Skip to main content
Open this photo in gallery:

A Honda EV prototype is presented during a media day for the Auto Shanghai show in April, 2021.ALY SONG/Reuters

The federal government and Ontario are set to announce this week a multibillion-dollar deal with Honda Motor Co. Ltd. that will see the company build a comprehensive electric-vehicle chain in the province.

The deal with Honda includes a stand-alone battery-manufacturing plant, a retooled car-assembly plant, as well as facilities for both cathode materials and separator components, according to three sources familiar with the project.

The Globe and Mail is not identifying the sources, who are not authorized to speak publicly about internal matters.

The battery and assembly plants will be in Alliston, Ont., where the company already manufactures vehicles, and will be built by Honda itself. The other two plants will both be in Ontario, despite Honda also having been negotiating directly with Quebec’s government around possible sites in that province. Those facilities will be joint ventures with other companies.

The financial specifics of the deal have not yet been confirmed. But speaking at a First Nations conference in Toronto on Monday morning, Ontario Premier Doug Ford said the size of the investment will surpass other electric-vehicle deals in the province, by a big margin.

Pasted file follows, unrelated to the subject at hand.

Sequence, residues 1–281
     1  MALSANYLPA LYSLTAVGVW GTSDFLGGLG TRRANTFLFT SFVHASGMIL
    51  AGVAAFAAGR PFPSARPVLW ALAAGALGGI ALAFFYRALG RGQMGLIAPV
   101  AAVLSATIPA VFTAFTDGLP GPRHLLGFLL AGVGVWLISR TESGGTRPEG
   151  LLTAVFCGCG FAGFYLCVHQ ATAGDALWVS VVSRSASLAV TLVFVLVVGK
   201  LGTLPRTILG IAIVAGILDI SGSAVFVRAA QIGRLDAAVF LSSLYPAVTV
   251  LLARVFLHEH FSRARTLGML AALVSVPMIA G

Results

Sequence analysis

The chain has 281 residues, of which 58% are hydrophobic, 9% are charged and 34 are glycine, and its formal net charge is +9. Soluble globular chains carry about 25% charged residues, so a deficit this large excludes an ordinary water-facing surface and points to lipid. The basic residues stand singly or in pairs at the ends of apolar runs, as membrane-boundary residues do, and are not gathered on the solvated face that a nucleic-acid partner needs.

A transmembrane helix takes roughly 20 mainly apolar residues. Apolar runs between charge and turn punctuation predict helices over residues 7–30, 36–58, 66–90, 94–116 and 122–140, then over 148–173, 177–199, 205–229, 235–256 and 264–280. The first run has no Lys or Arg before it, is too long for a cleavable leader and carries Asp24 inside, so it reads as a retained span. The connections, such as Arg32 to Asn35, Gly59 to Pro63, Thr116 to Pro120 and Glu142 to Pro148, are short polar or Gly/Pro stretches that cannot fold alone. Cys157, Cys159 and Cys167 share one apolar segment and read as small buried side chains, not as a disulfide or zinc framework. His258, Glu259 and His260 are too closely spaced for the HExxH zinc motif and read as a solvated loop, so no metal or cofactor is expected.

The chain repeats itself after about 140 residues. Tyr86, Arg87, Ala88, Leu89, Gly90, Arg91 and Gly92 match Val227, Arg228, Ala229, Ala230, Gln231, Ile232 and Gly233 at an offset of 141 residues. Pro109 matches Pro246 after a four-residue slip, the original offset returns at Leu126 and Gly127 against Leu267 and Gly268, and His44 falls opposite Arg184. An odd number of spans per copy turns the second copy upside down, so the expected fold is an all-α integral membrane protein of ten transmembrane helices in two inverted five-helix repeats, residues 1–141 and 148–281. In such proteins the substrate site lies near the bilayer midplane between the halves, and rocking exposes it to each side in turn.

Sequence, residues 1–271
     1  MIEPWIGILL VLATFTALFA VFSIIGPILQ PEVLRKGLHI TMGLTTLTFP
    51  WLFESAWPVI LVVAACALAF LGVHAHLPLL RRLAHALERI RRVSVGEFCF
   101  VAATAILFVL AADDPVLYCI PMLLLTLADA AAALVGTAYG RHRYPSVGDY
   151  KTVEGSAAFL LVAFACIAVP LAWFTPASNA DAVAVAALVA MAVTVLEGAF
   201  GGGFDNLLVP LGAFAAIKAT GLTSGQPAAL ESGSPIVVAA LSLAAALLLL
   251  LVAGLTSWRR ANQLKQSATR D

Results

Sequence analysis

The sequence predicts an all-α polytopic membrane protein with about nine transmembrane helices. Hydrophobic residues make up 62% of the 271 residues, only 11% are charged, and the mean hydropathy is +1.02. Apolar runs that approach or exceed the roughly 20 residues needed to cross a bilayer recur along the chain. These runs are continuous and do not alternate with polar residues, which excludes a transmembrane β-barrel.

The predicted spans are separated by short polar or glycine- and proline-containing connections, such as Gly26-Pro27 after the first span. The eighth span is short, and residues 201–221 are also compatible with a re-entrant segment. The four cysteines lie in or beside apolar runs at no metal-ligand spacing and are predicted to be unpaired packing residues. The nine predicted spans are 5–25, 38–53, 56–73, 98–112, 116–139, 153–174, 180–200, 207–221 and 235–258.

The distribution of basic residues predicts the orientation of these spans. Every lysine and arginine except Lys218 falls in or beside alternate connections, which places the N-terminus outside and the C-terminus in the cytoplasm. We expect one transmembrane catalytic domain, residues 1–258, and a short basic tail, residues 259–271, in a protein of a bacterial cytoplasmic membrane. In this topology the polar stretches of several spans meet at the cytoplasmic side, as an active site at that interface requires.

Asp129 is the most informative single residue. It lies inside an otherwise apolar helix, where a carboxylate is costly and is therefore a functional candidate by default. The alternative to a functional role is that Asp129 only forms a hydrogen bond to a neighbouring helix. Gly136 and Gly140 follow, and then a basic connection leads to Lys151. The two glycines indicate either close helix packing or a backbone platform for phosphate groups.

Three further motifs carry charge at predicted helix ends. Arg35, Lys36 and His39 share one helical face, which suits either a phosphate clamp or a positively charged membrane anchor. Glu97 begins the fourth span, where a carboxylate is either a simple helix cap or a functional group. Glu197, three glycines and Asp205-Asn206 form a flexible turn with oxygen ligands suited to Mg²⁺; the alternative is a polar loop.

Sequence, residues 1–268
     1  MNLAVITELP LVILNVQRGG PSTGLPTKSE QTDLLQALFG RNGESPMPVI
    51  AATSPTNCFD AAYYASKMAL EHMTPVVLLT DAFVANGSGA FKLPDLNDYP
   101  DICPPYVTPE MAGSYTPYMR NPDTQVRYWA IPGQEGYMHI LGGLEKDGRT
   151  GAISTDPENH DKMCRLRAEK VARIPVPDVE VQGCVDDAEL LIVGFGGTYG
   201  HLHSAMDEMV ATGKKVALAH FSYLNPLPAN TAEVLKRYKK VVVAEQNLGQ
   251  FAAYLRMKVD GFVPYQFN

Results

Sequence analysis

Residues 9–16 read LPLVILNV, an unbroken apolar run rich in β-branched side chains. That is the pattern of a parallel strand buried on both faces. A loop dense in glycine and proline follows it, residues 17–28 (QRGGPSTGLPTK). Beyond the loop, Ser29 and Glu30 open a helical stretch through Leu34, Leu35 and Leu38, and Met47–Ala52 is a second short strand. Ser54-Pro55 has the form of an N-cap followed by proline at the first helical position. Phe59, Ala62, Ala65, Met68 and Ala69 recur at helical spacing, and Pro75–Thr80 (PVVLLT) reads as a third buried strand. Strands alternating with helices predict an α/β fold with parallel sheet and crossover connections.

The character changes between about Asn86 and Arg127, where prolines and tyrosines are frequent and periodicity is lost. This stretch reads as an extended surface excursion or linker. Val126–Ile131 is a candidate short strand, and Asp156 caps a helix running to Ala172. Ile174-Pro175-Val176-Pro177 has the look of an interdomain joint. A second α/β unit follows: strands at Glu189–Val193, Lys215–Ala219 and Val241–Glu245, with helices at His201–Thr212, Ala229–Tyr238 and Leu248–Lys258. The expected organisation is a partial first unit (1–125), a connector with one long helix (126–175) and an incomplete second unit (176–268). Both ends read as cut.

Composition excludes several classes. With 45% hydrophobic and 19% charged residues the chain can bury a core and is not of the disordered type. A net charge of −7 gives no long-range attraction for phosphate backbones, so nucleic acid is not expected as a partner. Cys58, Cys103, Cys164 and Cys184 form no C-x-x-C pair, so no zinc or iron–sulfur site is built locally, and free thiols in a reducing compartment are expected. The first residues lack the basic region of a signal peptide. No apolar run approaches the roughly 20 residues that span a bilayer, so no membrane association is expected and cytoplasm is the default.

“This week, we’ve landed a new deal. It’ll be the largest deal in Canadian history. It’ll be double the size of Volkswagen. So stay tuned, we’ll be announcing it this week,” he said. Volkswagen’s EV battery plant in St. Thomas, Ont., is expected to be worth $7-billion in capital costs.

Both the scope of Honda’s investment and the way that governments will back it mark a pivot in Canada’s strategy to establish itself a major player in the global race to build EV supply chains, as the auto sector shifts away from making vehicles powered by fossil fuels.

To date, federal and provincial governments have committed as much as $33-billion in production subsidies to land three EV battery factories – up to $15-billion for Stellantis (in partnership with LG Energy Solution), up to $13.2-billion for Volkswagen in Ontario and up to $4.6-billion for Northvolt AB in Quebec. (Those maximum totals would only be reached if the factories began full-capacity production of batteries at the earliest possible date, because the subsidies are time-limited.)

The governments have also announced approximately $5-billion to support the capital costs of those three projects combined. Additional billions have cumulatively been promised to land separate commitments by automakers to retool their vehicle-assembly lines, and to attract investments in battery materials higher up the supply chain.

Since striking those deals, Ottawa has indicated that while it wants to keep courting such investments, it doesn’t have the fiscal firepower to keep matching the U.S. production subsidies for battery plants alone the same way.

The new investment from Honda marks a shift in direction partly because – with the new vehicle-assembly, cathode and separator facilities – it will go much further across the supply chain than those of the other companies.